“Nothing can tell a brand’s story, build a brand’s fame, it’s success, like TV”
– Russel Howcroft
Network Ten General Manager and regular Gruen panelist Russel Howcroft is naturally one of Australia’s most vocal advocates of television advertising but measuring these benefits can be difficult.
$3.5 Billion Reasons to Measure TV Marketing
When television advertising arrived in the US in 1955, it changed the world of advertising more than anything before or since (Heath and Stipp, 2011). Over 60 years later, TV is still a popular medium for increasing sales and profits and for heightening brand equity (Erdemir, 2016). As shown below, television receives the single greatest advertising expenditure in Australia by some margin.
Digital media, such as YouTube and Facebook channels, are seen as threats to revenues of commercial TV advertising, so it’s vital to understand how to measure its impact and guide future actions to maintain its relevance.
What are Marketing Metrics?
Marketing metrics can describe a brand’s activities in the market and how the market responds to those activities. The use of metrics has been positively associated with marketing mix performance (Mintz and Currim, 2013) and they provide a baseline for measuring goal achievement.
However, identifying cause and effect in marketing is a real challenge (Wildner and Modenbach, 2015) and just as marketers need to find the right mix using the 4Ps (product, price, promotion and place), the right mix of metrics must be found to measure marketing performance.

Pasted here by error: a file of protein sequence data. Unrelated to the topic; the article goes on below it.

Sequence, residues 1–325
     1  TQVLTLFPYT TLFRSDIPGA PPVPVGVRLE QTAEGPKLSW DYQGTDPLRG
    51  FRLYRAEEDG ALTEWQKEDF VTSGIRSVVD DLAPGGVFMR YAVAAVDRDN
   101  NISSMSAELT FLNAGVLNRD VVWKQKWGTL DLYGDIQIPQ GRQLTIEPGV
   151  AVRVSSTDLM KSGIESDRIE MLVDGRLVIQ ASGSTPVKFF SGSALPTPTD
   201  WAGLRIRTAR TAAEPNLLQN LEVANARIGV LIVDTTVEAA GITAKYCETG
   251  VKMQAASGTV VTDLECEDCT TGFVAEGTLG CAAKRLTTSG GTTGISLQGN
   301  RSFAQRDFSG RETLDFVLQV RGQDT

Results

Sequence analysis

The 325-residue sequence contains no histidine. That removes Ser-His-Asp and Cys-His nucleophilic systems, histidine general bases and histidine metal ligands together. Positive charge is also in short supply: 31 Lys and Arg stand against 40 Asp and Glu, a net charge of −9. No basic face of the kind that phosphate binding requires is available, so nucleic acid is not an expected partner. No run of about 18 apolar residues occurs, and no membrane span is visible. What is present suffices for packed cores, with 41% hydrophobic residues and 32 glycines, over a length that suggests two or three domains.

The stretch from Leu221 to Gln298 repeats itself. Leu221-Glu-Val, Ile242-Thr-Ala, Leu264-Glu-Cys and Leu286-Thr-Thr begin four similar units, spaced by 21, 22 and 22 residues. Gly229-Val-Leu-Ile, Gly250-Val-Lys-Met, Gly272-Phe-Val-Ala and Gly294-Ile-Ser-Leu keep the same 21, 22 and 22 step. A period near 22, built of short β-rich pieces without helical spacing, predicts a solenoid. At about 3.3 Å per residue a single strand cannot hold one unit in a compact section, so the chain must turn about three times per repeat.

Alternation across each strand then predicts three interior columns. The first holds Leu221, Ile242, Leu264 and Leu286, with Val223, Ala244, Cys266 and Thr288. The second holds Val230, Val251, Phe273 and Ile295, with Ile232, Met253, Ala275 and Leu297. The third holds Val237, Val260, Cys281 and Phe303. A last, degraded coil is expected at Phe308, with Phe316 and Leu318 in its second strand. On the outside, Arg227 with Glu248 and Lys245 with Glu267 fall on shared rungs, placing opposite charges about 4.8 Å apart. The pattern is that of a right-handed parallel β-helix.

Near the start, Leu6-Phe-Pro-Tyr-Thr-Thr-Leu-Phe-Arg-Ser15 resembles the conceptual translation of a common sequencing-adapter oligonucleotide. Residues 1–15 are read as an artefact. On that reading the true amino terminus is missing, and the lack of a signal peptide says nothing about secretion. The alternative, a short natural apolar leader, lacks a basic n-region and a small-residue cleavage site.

In the commercial world, dollars speak loudly and return on investment (ROI), profit margins, profit contributions and customer values are just some of the financial metrics available. Let’s focus on ROI, which is the net return of incremental profit as a ratio of any incremental spending (Ambler and Roberts, 2008). For example, if $100 is spent on a TV commercial and it directly results in $115 of return profits, the ROI on advertising spend is 15 per cent.
Russel Howcroft and fellow board members of the newly-formed marketing and research firm ThinkTV Australia are aiming to quantify the ROI for TV marketing in Australia. Rightly so, as ultimately marketers will find it easier to obtain funding for those activities that are most measurable (O’Sullivan and Abela, 2007). The results of this study will be very interesting to read when they are published but they are unlikely to result in other types of marketing metrics being ignored, particularly when ROI as a marketing metric is criticised for its short-term focus (Ambler and Roberts, 2008).
Money Isn’t Everything: Other Types of Marketing Metrics
Monitoring the behaviour of consumers in response to TV marketing is also a vital measurement tool. Behavioural metrics such as tracking sales, market share and market penetration can all assist marketers, as can customer loyalty, defection rates and consumer complaints and recommendations. Behavioural metrics is a complex field as found by Chang and Thorson (2004), who concluded that product type and consumer involvement are mediating factors in the behavioural responses of consumers in advertisements, particularly for products which are low involvement, such as soft-drinks where recall was inadequate to enhance attitudinal and behavioural effects towards purchasing the advertised products.